* Dow and S&P 500 hit fresh highs on Bernanke, earnings
* Nikkei rises, yen pressured ahead of elections
* Bunds reach five-week high, tracking U.S. Treasuries
* U.S. crude advances, gold and copper edge higher
By Ryan Vlastelica
NEW YORK, July 18 Stock markets worldwide
extended their rally on Thursday as investors felt assured the
Federal Reserve would unwind its accommodative stimulus measures
Fed Chairman Ben Bernanke testified before Congress for a
second day on Thursday, this time to the U.S. Senate Banking
Committee. On Wednesday, he had reiterated that the Fed would
only start phasing out its stimulus once it is sure the economy
is strong enough to stand on its own feet.
The comments lured investors to equities, pushed major
bourses to fresh highs and put the benchmark S&P 500 index on
track for its tenth positive session out of the past 11. The
euro fell and the dollar rose against a basket of currencies.
"Bernanke has made equities the only place for most people
to go, and the rally has been entirely on him," said Mark Grant,
managing director at Southwest Securities in Fort Lauderdale.
The Dow Jones industrial average was up 89.25 points,
or 0.58 percent, at 15,559.77. The Standard & Poor's 500 Index
was up 10.11 points, or 0.60 percent, at 1,691.02. The
Nasdaq Composite Index was up 6.33 points, or 0.18
percent, at 3,616.33.
U.S. stocks were also supported by strong quarterly earnings
reports from IBM and Morgan Stanley, though Intel
Corp sank following its results. A jump in regional
factory activity boosted sentiment as well.
The MSCI International ACWI Price Index rose
European equities ended 0.9 percent higher,
outperforming U.S. markets, as the broad STOXX Europe 600 broke
above a resistance level.
The dollar rose 0.15 percent against a basket of currencies
while the euro was down 0.17 percent. The U.S.
benchmark 10-year Treasury note was down 13/32, with
the yield at 2.5378 percent.
Market participants awaited a meeting of Group of 20 finance
ministers for signs of an orchestrated approach to the end of
U.S. money-printing, which could help defuse volatility in
The G20, which meets in Moscow Friday and Saturday, includes
many of the emerging economies that have been at the sharp end
of the dollar's surge since Bernanke first signalled in May the
Fed would roll back its bond-buying program.
With no surprises from Bernanke during his congressional
testimony, currency markets were starting to focus on Sunday's
Upper House elections in Japan, which are expected to strengthen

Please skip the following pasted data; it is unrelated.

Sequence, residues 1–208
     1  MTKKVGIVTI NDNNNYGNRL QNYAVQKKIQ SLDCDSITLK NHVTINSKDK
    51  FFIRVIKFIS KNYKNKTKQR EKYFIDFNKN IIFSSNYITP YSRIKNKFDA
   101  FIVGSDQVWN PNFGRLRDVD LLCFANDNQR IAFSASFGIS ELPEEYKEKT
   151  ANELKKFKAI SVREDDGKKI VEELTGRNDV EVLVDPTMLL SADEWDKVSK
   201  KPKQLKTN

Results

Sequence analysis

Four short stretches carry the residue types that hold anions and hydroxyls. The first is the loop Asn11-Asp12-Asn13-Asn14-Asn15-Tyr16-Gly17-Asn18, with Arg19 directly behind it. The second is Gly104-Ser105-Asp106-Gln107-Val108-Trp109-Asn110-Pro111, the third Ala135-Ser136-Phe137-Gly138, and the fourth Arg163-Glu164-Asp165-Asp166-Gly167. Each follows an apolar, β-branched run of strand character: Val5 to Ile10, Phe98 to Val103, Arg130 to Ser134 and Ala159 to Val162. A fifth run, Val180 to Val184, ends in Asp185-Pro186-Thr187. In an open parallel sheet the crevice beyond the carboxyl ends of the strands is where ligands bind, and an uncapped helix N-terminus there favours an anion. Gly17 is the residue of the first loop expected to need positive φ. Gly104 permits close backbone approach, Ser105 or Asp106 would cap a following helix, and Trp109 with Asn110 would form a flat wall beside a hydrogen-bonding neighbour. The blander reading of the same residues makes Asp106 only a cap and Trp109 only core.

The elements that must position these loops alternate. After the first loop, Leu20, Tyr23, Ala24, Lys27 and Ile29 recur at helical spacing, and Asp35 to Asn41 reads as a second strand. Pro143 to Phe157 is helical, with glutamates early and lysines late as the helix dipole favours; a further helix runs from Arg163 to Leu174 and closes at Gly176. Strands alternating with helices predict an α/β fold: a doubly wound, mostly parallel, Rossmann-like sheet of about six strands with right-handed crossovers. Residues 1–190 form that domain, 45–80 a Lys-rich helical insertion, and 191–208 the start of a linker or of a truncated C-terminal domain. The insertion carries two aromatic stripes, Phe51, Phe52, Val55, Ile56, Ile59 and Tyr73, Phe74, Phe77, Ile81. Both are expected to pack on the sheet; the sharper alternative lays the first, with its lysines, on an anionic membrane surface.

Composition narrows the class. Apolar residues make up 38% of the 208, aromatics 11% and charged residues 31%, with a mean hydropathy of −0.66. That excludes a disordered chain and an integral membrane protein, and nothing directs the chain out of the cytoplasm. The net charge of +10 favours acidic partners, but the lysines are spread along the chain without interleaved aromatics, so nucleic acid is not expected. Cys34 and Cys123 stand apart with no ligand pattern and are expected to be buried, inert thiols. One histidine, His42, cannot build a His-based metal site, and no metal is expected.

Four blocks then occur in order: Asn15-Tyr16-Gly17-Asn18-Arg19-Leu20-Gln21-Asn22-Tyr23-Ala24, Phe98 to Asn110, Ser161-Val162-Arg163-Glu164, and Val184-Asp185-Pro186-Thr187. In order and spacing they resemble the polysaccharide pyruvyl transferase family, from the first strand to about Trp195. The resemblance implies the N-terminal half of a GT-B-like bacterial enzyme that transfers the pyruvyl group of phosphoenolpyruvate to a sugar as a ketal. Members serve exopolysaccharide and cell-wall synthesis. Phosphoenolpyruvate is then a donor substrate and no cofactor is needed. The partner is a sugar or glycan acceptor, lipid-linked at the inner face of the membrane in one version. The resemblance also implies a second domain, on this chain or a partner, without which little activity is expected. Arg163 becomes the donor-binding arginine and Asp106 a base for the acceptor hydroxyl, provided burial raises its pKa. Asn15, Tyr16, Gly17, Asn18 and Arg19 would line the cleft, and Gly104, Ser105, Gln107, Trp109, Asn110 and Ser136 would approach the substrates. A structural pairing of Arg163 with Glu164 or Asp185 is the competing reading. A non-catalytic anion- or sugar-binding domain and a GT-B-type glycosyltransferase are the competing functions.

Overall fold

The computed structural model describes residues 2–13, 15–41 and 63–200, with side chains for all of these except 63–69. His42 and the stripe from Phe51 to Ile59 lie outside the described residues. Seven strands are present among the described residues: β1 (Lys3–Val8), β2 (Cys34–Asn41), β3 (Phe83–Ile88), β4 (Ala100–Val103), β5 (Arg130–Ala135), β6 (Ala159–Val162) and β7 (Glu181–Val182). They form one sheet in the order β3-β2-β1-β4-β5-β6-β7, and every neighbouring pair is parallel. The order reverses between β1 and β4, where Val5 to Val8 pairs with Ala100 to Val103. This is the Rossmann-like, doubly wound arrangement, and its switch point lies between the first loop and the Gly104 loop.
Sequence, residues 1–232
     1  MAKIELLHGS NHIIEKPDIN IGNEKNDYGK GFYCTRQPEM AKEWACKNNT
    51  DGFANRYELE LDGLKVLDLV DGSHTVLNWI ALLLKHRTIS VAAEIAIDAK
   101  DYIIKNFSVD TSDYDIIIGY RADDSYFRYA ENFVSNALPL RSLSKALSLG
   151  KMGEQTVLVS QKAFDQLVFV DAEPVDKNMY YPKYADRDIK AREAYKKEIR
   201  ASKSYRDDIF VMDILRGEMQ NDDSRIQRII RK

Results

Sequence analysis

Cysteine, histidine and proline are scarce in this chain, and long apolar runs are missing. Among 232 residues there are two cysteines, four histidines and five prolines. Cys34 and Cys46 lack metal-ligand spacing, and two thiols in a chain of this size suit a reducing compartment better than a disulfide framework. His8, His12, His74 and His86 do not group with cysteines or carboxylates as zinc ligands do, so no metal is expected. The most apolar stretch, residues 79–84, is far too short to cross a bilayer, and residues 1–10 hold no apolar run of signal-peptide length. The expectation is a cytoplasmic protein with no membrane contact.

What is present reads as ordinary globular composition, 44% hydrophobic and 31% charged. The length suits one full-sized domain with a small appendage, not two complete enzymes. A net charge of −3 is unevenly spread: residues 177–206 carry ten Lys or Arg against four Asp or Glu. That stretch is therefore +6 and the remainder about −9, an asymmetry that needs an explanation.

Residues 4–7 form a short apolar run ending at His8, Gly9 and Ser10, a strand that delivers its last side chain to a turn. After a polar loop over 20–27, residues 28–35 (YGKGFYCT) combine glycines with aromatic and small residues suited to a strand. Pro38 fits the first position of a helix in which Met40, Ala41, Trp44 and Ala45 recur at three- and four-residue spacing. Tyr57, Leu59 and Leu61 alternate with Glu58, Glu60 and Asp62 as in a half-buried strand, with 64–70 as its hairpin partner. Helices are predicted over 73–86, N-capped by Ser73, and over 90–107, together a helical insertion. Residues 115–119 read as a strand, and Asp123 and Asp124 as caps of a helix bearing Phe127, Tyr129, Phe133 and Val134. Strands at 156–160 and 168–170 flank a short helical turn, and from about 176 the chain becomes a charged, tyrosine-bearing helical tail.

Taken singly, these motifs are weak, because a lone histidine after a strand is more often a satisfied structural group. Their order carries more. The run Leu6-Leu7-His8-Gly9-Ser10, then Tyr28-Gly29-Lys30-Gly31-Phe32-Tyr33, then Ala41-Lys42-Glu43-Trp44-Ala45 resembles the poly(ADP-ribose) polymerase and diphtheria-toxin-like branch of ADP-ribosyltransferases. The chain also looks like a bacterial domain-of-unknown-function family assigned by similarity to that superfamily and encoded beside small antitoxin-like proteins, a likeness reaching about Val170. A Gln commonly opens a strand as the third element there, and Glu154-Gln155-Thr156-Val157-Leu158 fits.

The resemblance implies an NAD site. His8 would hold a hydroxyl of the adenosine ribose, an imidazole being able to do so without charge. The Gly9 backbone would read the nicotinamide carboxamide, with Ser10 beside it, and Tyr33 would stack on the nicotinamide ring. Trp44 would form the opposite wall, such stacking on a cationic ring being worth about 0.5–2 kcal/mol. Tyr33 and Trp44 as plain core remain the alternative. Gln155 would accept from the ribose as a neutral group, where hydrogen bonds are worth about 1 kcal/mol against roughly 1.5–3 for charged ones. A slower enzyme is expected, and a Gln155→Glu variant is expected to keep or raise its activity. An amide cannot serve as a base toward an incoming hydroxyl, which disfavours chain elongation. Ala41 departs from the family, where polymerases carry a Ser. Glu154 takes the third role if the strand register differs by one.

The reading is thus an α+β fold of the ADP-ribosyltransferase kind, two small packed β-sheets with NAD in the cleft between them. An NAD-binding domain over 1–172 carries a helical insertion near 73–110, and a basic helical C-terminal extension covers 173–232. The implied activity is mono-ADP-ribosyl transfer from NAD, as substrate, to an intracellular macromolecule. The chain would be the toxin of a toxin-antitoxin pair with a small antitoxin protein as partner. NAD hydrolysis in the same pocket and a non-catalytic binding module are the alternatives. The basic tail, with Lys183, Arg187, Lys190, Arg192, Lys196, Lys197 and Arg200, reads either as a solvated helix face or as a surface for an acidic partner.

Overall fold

Prime Minister Shinzo Abe and his radical stimulus strategy.
'Abenomics', as Abe's $1.4-trillion plan is known, has
caused a 14-percent drop in the yen this year.
Ian Stannard, head of European FX strategy at Morgan Stanley
in London, said he expected a further retreat once the Fed firms
up a plan to withdraw its supportive measures.
"The market is of the view the Abe administration will come
out of this very well, so post-election it will be an
interesting time because we could see the rhetoric around the
reform plans picking up," Stannard said. "If this is the case,
we will start to see the yen coming under pressure again."
Japan's Nikkei share index earlier surged 1.3
percent to an eight-week high while the U.S. dollar gained 1
percent against the yen to 100.51 yen.
In debt markets, benchmark German Bunds edged 0.1
percent higher, hovering around a five-week high.
An impending no-confidence vote against Portugal's ruling
coalition has turned the focus to peripheral euro zone debt.
The motion proposed by a minor party is seen as likely to
fail but markets will be on the lookout for any signals sent by
the three main parties, which are holding talks on a broad deal
to keep the country's bailout program on track.
Spain and France both saw smooth bond auctions on Thursday
despite a tougher backdrop, with Spain's prime minister fighting
a corruption scandal and France having just lost its last
triple-A sovereign credit rating from a major ratings agency.
Commodities, meanwhile, were mixed, with Brent oil
flat but U.S. crude futures jumping 1.4 percent as U.S.
stockpiles fell for a third straight week. Copper rose
0.3 percent and gold rose 0.8 percent.